Turkey - Environment



Environmental responsibilities are vested in the Under Secretariat for Environment and in the Ministry of Energy and Natural Resources. Among Turkey's principal environmental problems is air pollution in Ankara and other cities. The smog in Ankara grew worse after 1979, when the government banned oil heating systems in new buildings in order to reduce costly oil imports; the resultant increased burning of Turkish lignite, which is high in sulfur content, greatly increased the levels of sulfur dioxide and dust in the air. In 1983, the government reversed itself and banned the conversion of heating systems to coal. At the same time, it introduced an antipollution program designed to reduce air pollution levels by more than 50% within a year. In addition to heating restrictions, the plan called for strict traffic controls, the closing of the worst industrial polluters, a prohibition on the import of high-sulfur fuel oil, special emergency hospital wards for smog victims, and the building of green areas and parks in and around cities. In 1992, Turkey had the world's highest level of industrial carbon dioxide emission, which totaled 145.5 million metric tons, a per capita level of 2.49 metric tons. In 1996, the total rose to 178.3 million metric tons.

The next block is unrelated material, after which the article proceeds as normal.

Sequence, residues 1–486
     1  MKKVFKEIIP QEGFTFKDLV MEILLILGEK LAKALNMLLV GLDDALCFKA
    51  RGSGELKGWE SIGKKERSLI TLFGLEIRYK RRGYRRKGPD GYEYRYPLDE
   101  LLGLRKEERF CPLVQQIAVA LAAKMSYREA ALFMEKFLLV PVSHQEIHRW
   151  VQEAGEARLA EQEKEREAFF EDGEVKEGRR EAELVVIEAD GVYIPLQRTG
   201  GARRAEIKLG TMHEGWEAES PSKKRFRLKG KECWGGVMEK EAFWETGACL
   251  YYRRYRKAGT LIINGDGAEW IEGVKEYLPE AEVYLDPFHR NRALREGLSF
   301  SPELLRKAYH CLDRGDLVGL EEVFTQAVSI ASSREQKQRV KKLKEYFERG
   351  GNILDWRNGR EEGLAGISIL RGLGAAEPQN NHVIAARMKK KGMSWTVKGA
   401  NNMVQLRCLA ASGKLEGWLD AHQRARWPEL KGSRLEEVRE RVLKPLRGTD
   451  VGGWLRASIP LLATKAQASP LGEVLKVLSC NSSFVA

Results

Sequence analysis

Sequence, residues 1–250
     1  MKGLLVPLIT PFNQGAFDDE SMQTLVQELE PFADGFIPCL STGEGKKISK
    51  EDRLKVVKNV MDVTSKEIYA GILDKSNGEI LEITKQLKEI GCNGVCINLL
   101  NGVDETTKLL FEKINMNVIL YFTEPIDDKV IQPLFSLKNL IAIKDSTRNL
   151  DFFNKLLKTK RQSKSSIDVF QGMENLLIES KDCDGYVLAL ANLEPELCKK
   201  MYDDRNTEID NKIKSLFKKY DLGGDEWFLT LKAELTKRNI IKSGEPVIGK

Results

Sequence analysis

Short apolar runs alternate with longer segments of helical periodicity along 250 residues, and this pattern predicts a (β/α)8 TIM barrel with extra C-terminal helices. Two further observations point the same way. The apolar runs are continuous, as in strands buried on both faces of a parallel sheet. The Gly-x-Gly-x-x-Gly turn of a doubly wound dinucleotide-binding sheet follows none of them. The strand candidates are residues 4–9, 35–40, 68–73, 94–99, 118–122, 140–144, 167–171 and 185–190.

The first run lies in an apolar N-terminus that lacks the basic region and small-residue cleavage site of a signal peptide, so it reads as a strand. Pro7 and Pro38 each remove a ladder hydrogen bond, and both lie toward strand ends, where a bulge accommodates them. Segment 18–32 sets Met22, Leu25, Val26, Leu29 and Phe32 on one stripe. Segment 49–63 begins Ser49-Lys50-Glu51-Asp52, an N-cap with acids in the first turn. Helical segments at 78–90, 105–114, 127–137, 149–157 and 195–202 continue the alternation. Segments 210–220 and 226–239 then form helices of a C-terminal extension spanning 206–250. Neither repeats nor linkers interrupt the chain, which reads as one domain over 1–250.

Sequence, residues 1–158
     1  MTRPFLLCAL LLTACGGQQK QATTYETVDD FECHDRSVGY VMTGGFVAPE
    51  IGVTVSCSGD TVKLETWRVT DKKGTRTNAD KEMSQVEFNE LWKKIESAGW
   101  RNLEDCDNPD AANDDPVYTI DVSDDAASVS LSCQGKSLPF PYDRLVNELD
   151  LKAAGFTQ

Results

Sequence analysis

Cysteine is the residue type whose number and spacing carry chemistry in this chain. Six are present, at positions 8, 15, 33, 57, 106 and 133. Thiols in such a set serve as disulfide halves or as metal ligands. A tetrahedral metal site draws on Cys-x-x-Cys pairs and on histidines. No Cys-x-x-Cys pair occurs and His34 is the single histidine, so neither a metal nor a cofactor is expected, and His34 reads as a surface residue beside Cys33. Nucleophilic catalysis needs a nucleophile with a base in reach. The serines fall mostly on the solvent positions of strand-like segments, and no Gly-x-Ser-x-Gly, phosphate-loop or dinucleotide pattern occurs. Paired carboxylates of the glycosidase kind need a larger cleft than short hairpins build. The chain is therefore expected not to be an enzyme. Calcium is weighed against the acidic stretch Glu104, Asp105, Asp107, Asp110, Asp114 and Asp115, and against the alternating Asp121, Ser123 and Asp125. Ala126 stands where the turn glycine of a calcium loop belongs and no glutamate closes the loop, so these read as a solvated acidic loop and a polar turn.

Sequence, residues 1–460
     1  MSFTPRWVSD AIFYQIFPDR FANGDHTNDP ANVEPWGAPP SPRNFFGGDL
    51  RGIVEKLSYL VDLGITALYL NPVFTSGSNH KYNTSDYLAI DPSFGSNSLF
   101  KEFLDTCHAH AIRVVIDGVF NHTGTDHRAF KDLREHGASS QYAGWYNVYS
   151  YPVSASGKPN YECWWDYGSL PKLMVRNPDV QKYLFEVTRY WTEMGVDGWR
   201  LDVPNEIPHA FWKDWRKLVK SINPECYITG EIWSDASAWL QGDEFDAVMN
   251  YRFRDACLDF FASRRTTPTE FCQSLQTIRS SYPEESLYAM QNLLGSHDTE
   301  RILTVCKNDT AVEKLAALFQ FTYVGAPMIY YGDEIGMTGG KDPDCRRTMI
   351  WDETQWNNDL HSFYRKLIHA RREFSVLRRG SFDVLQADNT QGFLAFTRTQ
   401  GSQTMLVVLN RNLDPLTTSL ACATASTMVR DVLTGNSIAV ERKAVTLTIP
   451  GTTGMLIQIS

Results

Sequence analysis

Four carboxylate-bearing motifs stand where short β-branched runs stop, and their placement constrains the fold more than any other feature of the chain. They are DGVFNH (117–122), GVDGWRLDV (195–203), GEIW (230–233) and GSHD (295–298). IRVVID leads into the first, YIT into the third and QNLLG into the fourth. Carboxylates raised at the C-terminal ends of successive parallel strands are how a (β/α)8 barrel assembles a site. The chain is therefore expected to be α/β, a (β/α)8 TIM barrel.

A $220-million project to clean up the polluted water in the Golden Horn, an inlet of the Bosporus forming a harbor in Istanbul, was implemented in the 1980s. The nation's rivers are polluted with industrial chemicals. Among them, mercury has created a serious threat to the nation's water supply. As of 2000, only 81% of urban dwellers and 86% of rural residents have access to safe drinking water. Soil erosion affects both coastal and internal areas. The combination of water and wind eliminates 500 metric tons of soil each year.

In 2001, 15 of Turkey's mammal species and 14 of its bird species were endangered. About 1,600 types of plants were threatened with extinction. Endangered species include the Anatolian leopard, Mediterranean monk seal, bald ibis, slender-billed curlew, Atlantic sturgeon, and hawksbill and green sea turtles.

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